In early December, the government published two consultation papers outlining how it may reform the labour market in 2021 in response to Covid-19. Their focus is on promoting innovation and competition as a way of kick-starting the economic recovery and preventing unnecessary barriers to people finding work. However, the proposals in relation to restrictive covenants may have the opposite effect to that intended by the government and actually make the UK a less attractive home for new businesses.
The first consultation revisits the question of whether the government should regulate the use of non-compete clauses. Although a 2016 review by the Department for Business, Innovation and Skills (as it was known then) concluded that the law surrounding non-competes provides appropriate protection for employers and employees, there is clearly a perception that restrictions inhibit employees’ ability to set up new businesses, damaging the economy.
The consultation paper proposes two options for reform. Either would be a major change to the current position in the UK. The more radical suggestion is to make non-compete clauses unenforceable, with employers falling back on intellectual property rights and existing common law rules on confidential information to protect their business interests. Under the second option, non-competes would continue to be enforceable, but employers would have to compensate employees for the period of the restriction, as is already common in many European countries. Compensation would be set as a percentage of an employee’s average weekly earnings and the paper suggests that a figure of 60 per cent or higher might be appropriate. The government is also considering whether to introduce a maximum period for non-competes and the paper seeks views on what would be a suitable period, ranging from three to 12 months.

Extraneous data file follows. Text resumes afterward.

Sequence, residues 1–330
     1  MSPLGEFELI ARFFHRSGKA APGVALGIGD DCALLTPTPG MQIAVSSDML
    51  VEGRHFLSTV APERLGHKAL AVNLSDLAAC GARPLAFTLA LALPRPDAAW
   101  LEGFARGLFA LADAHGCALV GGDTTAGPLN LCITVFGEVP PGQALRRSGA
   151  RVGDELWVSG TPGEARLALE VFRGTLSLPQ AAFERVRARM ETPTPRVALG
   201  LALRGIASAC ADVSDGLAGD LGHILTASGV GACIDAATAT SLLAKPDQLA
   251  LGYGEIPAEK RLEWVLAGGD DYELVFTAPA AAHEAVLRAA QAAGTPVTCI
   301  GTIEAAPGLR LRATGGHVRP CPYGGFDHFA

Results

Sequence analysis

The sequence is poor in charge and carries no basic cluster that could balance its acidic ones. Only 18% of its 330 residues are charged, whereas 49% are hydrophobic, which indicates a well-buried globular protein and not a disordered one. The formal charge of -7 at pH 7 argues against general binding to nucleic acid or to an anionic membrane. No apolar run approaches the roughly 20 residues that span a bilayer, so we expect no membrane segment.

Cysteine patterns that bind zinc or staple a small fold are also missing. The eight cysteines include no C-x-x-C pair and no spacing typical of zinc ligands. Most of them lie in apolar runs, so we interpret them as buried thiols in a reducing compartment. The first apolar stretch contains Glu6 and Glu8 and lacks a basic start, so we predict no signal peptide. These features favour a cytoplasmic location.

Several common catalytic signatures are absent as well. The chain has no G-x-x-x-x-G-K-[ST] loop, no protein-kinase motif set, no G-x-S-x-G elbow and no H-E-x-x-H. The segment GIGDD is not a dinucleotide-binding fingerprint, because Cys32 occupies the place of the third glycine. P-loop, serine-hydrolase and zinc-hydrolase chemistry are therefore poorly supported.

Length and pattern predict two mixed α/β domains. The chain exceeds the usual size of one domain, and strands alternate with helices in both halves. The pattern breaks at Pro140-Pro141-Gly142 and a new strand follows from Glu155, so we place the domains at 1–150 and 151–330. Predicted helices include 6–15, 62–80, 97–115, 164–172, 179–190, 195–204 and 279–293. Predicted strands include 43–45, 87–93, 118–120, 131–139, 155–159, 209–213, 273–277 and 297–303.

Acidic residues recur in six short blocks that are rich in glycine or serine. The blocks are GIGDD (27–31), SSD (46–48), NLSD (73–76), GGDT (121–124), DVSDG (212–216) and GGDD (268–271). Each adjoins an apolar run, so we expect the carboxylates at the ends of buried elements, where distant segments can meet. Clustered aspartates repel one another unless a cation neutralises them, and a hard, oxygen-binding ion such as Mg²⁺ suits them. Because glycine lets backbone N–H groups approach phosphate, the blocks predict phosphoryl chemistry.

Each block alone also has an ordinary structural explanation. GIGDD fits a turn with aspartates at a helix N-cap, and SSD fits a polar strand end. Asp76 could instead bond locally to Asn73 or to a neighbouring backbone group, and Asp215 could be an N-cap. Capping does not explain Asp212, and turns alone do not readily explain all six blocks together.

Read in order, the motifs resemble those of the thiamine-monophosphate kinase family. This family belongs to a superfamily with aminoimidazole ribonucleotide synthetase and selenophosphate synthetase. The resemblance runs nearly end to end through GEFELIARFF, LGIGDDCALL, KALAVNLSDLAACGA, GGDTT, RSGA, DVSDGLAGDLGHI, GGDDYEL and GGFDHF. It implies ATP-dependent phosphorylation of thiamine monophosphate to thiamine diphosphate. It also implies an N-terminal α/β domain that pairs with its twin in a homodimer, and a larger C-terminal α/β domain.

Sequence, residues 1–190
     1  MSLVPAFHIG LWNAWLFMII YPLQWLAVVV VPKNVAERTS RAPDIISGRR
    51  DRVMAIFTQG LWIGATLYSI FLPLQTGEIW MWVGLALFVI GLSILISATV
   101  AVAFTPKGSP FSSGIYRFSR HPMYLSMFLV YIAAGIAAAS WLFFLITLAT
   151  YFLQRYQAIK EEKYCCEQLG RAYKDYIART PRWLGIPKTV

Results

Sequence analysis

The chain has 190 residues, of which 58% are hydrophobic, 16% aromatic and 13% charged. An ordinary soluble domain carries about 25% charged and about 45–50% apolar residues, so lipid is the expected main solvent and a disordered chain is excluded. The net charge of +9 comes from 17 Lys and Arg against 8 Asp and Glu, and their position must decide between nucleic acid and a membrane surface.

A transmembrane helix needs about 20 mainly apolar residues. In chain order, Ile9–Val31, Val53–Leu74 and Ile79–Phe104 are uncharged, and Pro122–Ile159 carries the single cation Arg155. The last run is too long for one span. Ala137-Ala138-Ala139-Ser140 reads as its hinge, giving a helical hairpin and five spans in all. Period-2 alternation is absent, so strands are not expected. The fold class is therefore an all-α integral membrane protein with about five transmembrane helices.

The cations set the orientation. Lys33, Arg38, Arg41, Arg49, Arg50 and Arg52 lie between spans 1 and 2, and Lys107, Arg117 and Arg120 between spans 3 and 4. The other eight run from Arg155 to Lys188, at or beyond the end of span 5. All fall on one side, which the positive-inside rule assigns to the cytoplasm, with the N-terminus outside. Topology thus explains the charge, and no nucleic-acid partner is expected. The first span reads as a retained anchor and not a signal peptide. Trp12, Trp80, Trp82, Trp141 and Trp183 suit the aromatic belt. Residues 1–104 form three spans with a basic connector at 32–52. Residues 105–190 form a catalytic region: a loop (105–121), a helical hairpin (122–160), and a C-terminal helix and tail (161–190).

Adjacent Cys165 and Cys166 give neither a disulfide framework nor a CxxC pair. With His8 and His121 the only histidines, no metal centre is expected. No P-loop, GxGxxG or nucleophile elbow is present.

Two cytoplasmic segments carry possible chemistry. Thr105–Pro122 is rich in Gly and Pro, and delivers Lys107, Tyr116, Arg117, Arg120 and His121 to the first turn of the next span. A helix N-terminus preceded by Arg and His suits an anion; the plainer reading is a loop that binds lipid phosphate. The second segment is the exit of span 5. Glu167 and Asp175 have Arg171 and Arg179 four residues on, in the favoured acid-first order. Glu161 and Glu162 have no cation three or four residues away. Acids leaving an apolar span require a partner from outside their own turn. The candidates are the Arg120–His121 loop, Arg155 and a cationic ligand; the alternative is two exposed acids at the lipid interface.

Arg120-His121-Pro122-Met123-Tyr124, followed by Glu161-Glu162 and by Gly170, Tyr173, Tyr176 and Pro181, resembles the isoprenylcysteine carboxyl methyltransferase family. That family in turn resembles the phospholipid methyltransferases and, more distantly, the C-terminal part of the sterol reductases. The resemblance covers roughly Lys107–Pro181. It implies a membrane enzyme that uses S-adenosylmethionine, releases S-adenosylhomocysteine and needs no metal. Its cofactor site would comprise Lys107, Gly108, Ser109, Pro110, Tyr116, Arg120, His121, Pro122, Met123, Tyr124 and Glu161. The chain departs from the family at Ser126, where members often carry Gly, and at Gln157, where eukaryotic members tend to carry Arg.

In the government’s view, the proposals would discourage businesses from using non-compete clauses on a blanket basis without justification, or imposing restrictions for longer than necessary. However, as the consultation paper recognises, they could result in longer employee notice periods, more extensive use of garden leave provisions or deferred remuneration mechanisms that give employees an incentive not to leave employment. Those outcomes would run counter to the desire to promote competition.
It is also possible that the mooted reforms will make prospective entrepreneurs think twice about establishing their start-ups in the UK. At best, the proposals will make it more expensive for an employer to protect its confidential information or customer connections. At worst, a blanket ban on non-competes in employment contracts would make it more difficult to protect confidential information, either because separating confidential information from an employee’s skill and knowledge is notoriously tricky, or because confidentiality clauses cannot be policed effectively. Abolishing non-competes would also make it easier for key employees to walk out and set up a rival business, so establishing or funding a start-up could actually become riskier.
The change the government is proposing to exclusivity clauses is pragmatic but less far-reaching. Exclusivity clauses that prevent a worker from accepting work from another employer are already unenforceable in zero-hours contracts. Employees cannot be dismissed fairly for breaching such a clause and workers must not be subjected to a detriment for doing so.
The government’s second consultation paper suggests extending the ban on exclusivity clauses to the contracts of all workers with guaranteed earnings of less than the lower earnings limit, subject to an exception for those working a small number of hours on a high hourly rate. This is designed to allow low-paid workers whose hours have been reduced as a result of the pandemic to seek additional work from other employers without facing or being threatened with adverse consequences for doing so.
Stefan Martin is a partner at Hogan Lovells